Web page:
It’s no secret that newsrooms across the country are examining their diversity practices when it comes to both coverage and their own hiring. And for good reason: It’s essential that our coverage, and our news staffs, reflect the communities we cover.

Our industry, including SABEW, still has a great deal of work to do on the diversity front. But if you’re like me, you came away from the virtual training session SABEW held earlier this month believing that the effort is at least underway. If you missed “Approaching the Business Beat with a Diverse Lens,” moderated by Jacqueline Simmons of Bloomberg News, here’s the video recording.

Toward the end of the session, the panel talked about the way different generations in the newsroom approach diversity. Young journalists, according to our panel, are often on the leading edge of fighting for change in the newsroom. “They are on fire,” said panelist Tracy Jan, who covers the intersection of race and the economy for The Washington Post.

In that spirit, I’d like to introduce you to Sophie Austin. Sophie is editor-in-chief of The Eagle, the student newspaper at American University in Washington, D.C., where I got my master’s in journalism.

Sophie became editor-in-chief at a time when Black Americans were being affected by the coronavirus at higher rates than other Americans, and just weeks before George Floyd died at the hands of police. Sophie also happens to be one of only a handful of Black journalists to have served as editor-in-chief in The Eagle’s 95-year history, and it’s a job she takes seriously.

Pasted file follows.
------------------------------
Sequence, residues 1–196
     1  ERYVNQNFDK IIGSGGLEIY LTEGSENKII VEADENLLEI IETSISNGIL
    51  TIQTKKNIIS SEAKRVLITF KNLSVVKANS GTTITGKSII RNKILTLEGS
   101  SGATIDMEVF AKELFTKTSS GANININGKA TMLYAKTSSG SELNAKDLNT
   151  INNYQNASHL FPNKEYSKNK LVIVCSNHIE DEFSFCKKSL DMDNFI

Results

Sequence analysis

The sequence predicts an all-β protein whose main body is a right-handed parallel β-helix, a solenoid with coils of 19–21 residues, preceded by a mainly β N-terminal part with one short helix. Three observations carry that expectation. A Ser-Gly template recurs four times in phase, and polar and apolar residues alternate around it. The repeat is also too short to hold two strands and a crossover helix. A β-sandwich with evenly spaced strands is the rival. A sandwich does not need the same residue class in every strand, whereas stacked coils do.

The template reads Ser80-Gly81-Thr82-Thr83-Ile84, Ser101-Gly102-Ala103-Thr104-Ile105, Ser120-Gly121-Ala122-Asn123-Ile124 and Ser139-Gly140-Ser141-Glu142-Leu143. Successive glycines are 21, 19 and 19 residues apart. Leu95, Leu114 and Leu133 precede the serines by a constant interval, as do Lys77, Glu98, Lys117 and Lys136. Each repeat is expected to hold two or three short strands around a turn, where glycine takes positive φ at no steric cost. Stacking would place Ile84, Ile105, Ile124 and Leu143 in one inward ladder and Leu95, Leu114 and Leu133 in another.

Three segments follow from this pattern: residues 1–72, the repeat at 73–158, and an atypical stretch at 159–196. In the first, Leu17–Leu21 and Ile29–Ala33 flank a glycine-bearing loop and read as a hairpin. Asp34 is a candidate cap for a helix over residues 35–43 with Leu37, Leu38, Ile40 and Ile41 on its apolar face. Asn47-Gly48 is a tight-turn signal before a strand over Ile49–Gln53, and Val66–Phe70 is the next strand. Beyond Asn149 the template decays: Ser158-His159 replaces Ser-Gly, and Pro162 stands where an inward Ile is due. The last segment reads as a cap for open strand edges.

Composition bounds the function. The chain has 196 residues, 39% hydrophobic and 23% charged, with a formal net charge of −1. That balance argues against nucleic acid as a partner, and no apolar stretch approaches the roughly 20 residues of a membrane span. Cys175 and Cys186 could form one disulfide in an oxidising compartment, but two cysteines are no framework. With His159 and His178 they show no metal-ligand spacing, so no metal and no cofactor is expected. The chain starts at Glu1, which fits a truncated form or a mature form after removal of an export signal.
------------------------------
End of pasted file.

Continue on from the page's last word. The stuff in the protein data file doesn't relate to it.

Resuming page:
Under Sophie’s leadership, her college news staff has been examining its coverage of marginalized communities and working to diversify its ranks by reaching out to groups that represent students of color. It’s the same type of effort taking place at news outlets around the country. Sophie has also penned thoughtful Letters from the Editor about the value of a diverse news staff and the importance of transparency.

Sophie is the type of journalist we should be encouraging and supporting, and I was pleased that she was able to join many of our members in tuning in to this month’s training session. I should also mention that Sophie spent this summer interning as the Emma Bowen Foundation Fellow at PolitiFact. She’ll be on the job market next spring after graduating with a bachelor’s in journalism, with minors in Spanish and environmental science. She’s someone to watch.

Speaking of job hunting, I hope you’ve had a chance to read the excellent piece Beth Hunt wrote for SABEW on that subject. Beth is the director of editorial recruiting and development for American City Business Journals. She’s also one of the best in the business and, I’m pleased to say, a friend of SABEW. Beth is the kind of person we should all have on speed dial during uncertain times. That type of access is not possible for all of us, but reading her piece is the next best thing.

Kim Quillen
2020 SABEW President
Chicago Tribune